– Windows is far superior to MacOS but consumers don’t get why – Microsoft needs to tell the consumers about this fact and stop expecting their money hungry partners to spend any money on advertising Windows.

    – Microsoft needs to go back to a universal DRM, but make it free for all users/OEMs. Advertise saying "if it’s not U-DRM, you’re being screwed" and show how iTunes DRM stops Apple software from working with Media Player. DRM may be Apples greatest asset, squash it no matter what the costs are.

    – Windows NT8 needs to be even more visually-stunning and needs to have fantastic built in consumer-targeted applications. And what’s with the pricing? In Australia, Vista Ultimate costs more than a notebook! That’s crazy! I would have halved all the prices, it’s not the consumers fault that Vista took so long to build… it was just a mistake that needs to be accepted and learned from.

    I’d love to here your thoughts on what I have said Richard (mrmckeb [at] hotmail . com), thanks.

  2. GAURAV SHARMA says:

    Network effects and Virtuous circles aside, the bottom line is no Windows mobile handset seems to match up to the kind of cohesion provided by Apple’s hardware/software combination in the iPhone. If you want to buy music legally from a store that actually works, use Google maps, watch widescreen video (standards based, not some proprietry Microsoft WMA/WMV format) and have a phone that *actually works well as a phone* then you get an iPhone. Hardly any phone user writes software for their phone anyway. Why should they need to?

    Open standards are no excuse for sheer incompetence and carelessness.

  3. And MS doesn’t get it either because while it gets the open platform thing, it doesn’t get the whole "design" thing because you’ve got 50 cooks in the kitchen instead of one like Apple.

    Now if someone could fuse Steve Jobs with MS Programmers and Logic…. OH YA! THAT’S MY JOB! 🙂

  4. Looks like Apple has decided to lock down the iPhone, and not allow 3rd party developers to put their

  5. As for the iPhone and 3rd party development.  I like most folks that develop software for mobile devices would love to see the iPhone wide open but there are actually good reasons why Apple wouldn’t/shouldn’t make it an open platform.  Chief among them is security of course.  This could be handled by walling off the low level network interfaces etc.  While it may sound impossible for a single phone to bring down a large part of a carrier’s network I assure you that it is possible and something the carriers worry quite a lot about.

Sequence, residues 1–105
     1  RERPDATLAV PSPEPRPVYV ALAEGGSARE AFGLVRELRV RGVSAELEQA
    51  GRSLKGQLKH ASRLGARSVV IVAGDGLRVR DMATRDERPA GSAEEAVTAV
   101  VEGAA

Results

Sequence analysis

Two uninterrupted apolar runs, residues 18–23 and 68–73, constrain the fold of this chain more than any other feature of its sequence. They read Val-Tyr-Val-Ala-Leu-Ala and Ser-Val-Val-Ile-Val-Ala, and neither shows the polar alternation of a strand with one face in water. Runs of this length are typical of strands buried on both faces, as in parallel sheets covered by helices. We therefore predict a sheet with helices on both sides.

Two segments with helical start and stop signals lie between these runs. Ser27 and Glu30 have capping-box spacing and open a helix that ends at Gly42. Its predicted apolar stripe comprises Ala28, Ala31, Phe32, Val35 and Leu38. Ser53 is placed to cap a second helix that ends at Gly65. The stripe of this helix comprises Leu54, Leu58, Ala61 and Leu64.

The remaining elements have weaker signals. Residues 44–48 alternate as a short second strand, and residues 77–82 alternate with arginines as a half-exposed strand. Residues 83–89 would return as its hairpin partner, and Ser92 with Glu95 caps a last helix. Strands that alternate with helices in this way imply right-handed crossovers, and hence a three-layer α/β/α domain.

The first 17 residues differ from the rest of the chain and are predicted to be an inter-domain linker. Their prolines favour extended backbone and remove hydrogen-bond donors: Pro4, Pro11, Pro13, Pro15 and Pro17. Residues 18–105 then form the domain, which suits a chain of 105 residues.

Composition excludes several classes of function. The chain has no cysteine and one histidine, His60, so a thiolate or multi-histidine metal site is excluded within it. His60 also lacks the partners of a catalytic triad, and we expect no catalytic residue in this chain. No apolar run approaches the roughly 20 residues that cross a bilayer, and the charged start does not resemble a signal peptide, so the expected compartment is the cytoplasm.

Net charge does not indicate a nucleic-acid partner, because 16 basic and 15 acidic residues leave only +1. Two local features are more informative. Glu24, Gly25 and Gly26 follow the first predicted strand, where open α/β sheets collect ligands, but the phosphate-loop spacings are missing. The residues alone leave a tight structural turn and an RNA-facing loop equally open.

In the end Apple may choose to use an approach similar to Qualcomm’s BREW model for app signing, licensing , and deployment (although via iTunes rather than OTA).  3rd parties would write apps and Apple (and Cingular?) would have discretion over what went on the phone.  This would give them the chance to extensively test and approve for safe service all apps being considered.

    A final unrelated word: As one that as done development on just about every computer platform over the last 25 years Brody’s comment that "Windows is  far superior to MacOS" is simply bunk.  I assume he/she was referring to Mac OS X and I think that the jury has come back on that and developers that have used and developed for Windows and OS X far and away prefer Mac OS X with xCode etc.  Try before you speak from your butt.

  6. Michael Winckler says:

    With a mobile platform and an open system, people might start to develope applications that go beyond the standard stuff that you get on a mobile. But maybe Apple would like to get the big piece of that cake. That, to me, is the sole reason to close the platform for 3rd party developed applications.

    The ways around technical problems have been named by several people in this discussion:

     – construct a solid model to access the lower network level and close this level for programmers

     – introduce a certification model for applications, but let the user decide about the actual installation

     – give us a reset button 😉

    @Brody: "Windows is far superior to MacOS …" Question: Are we talking about the same op-sys here? Now, we could turn yet another blog into stupid Win/Mac/Lin bashing, but a claim like yours needs support or it is just … a claim.